It is approaching that time of year when a fresh set of graduate trainees are starting to enter the library world, so if you are a ‘library-trainee-to-be’, or thinking of things to tell your replacement, I’ve outlined a few things that might be of use to you. You don’t need to do all of them, but hopefully a little awareness will go a long way.
Library Current Awareness
- Sign up to some mailing lists – these are great for keeping an eye on opportunities for students and grad trainees (ie. conference bursaries), library meet ups that may be taking place in your area, and general library happenings. The JISC mailing lists (free!) are great, with a strong array of specialised lists, as well as general ones such as LIS-LINK. Have a browse to see which ones take your fancy; the majority of library related ones begin with “LIS-”. A word of caution though, if you sign up for too many, your inbox WILL become full VERY QUICKLY! I un-subscribed from several due to being inundated by emails that were not relevant for me. Being on two lists is about as much as I can manage, but every now and again, a gem of an email comes through and makes it all worth while.
Get Involved Online
- Join Twitter so that you can ignore it and call it a waste of time before realising the error of your ways and coming back to embrace it before the year is out. For some good beginners’ tips regarding Twitter have a look at Ned Potter’s guide.
- Start a blog to keep a record of what you get up to. I wish I had! At the time I probably wouldn’t have seen the point, but looking back, having something to compare my experiences to would have been fantastic. It will make writing your applications for postgrad courses and jobs easier too by providing you with a record of all that you have achieved and contemplated across the year.
- Keep an eye on the LISNPN forums for interesting discussions, and read through the anonymous reviews of library courses, very informative!
- Scout out a few library related blogs to read. You don’t need to add hundreds to your Google reader or RSS feed, but having a look at one or two every so often on your lunch break will give you a taste of the kind of issues libraries face and problems that you can tackle in the future. Great for getting a sense of how awesome and exciting the profession is and helping to understand the big library picture!
- Online activities give a great sense of what the library world is like, but the best way to understand it is to meet people! Keep an eye out for LISNPN meet ups in your area.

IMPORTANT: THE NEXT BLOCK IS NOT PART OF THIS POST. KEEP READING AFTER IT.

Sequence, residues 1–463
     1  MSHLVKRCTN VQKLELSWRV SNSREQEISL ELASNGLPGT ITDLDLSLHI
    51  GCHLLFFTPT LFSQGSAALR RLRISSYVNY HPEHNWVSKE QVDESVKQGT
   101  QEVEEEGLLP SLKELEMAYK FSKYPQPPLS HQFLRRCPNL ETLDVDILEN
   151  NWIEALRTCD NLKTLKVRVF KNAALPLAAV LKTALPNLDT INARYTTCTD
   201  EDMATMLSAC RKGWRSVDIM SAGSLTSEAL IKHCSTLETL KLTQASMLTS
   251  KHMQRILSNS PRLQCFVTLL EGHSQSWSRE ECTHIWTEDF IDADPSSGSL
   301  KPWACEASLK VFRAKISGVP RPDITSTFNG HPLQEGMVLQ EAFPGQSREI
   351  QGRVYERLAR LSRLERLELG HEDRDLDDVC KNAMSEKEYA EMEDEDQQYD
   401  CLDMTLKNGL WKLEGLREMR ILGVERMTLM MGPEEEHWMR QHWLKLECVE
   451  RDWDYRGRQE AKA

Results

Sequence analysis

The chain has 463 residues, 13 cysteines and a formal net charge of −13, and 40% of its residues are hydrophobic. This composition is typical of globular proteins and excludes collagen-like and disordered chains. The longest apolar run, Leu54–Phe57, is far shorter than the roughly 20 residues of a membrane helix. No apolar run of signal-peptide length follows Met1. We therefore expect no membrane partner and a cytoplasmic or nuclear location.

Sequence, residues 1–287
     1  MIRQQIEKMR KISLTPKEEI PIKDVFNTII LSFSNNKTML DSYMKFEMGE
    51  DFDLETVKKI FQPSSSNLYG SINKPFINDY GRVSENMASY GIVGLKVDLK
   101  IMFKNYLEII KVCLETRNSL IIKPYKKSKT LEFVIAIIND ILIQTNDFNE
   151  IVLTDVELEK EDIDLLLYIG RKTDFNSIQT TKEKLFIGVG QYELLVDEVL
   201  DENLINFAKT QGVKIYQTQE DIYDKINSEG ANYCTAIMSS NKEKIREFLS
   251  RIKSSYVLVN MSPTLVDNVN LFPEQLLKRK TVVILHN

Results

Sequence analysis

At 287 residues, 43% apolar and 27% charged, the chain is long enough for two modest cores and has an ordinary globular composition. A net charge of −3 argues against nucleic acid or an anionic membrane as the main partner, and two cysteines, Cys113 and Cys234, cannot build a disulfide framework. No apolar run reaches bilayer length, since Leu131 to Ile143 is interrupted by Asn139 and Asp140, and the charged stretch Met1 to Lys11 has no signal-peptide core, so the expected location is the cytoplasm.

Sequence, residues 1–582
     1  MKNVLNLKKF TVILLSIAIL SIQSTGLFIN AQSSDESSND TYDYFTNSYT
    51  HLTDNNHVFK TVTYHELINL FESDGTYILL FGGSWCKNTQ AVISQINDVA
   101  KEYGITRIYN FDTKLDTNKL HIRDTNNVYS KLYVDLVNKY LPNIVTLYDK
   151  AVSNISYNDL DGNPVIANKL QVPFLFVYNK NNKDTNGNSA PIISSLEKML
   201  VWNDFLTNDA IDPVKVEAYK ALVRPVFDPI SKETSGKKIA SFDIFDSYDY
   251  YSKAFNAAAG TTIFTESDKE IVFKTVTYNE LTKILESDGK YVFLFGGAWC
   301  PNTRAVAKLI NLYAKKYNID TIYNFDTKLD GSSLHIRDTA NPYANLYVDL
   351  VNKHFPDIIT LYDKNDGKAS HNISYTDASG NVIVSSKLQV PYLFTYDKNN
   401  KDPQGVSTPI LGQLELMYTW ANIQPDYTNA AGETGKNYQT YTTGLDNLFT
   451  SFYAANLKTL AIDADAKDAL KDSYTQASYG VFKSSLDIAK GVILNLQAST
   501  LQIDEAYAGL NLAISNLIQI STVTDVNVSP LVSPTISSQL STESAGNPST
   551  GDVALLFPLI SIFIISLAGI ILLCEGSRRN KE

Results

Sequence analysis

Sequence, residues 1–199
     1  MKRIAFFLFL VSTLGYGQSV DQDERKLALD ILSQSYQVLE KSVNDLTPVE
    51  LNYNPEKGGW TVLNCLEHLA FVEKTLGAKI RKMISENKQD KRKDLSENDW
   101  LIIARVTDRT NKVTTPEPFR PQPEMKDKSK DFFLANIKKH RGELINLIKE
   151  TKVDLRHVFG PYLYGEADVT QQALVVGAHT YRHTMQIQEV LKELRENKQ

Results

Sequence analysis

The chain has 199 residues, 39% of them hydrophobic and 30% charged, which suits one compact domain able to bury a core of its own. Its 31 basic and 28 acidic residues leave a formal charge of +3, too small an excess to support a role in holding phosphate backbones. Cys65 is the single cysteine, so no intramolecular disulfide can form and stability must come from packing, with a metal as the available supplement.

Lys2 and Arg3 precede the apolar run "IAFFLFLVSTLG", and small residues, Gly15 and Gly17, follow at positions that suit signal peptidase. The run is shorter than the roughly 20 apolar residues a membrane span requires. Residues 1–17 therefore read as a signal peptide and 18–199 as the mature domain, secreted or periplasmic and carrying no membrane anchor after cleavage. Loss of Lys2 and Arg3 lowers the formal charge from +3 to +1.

- Apply for things! When you see a bursary opportunity pop up in your inbox, apply! What is the worst that can happen? Maybe you’ll be sent to locations such as Newcastle, Dublin, or America!
- Question the people you work with! There is a mine of information sat around you, so why not question them relentlessly about every aspect of the LIS profession you can think of? If they don’t have time at work, then suggest some after work activity where you can sit them all down and grill them. You are there to learn after all, why else would they have a trainee role?
Join Some Professional Bodies
Student membership can help you to make an informed decision of what a body can offer before having to shell out big bucks later on… Most importantly though, don’t be afraid to go along to events. As I’ve said before with regard to networking, if you are enthusiastic and have ideas, people will be pleased to talk to you, no matter what job level you work at. You just need to put yourself out there!
- CILIP student membership is currently about £38. For me, the main benefit was access to some academic library journals, providing a taste of the kind of material I would be studying during my MA. I would also recommend the Career Development Group for getting involved- keep an eye out for their New Professionals Conference! You also receive Update and Gazette, useful for academic and public library news.
- Special Library Association (SLA) student membership is currently about $40, roughly £25 depending on the exchange rate. You’ll receive their magazine, Information Outlook, but also access to a division (specialist) and chapter’s (regional) information. For instance, I have joined the European chapter and the Legal division, though you are free to join more, and do not have to practice in an area to join that division. Also of note, is that it isn’t just for specialist libraries – for instance, there is a large academic division. For me, the real benefit has been the networking opportunities SLA has provided, it contains an amazingly diverse set of librarians and information workers, opening my eyes to roles that I never knew existed.
- Other specialist bodies such as the British and Irish Association of Law Librarians (BIALL), the City Legal Information Group (CLIG) and the School Library Association (a different SLA) can provide networking opportunities and information more specifically related to interests you may have. Ask those who you work with what they would recommend!
Let me know if you wish you had known anything else while you were in your traineeship or first library post!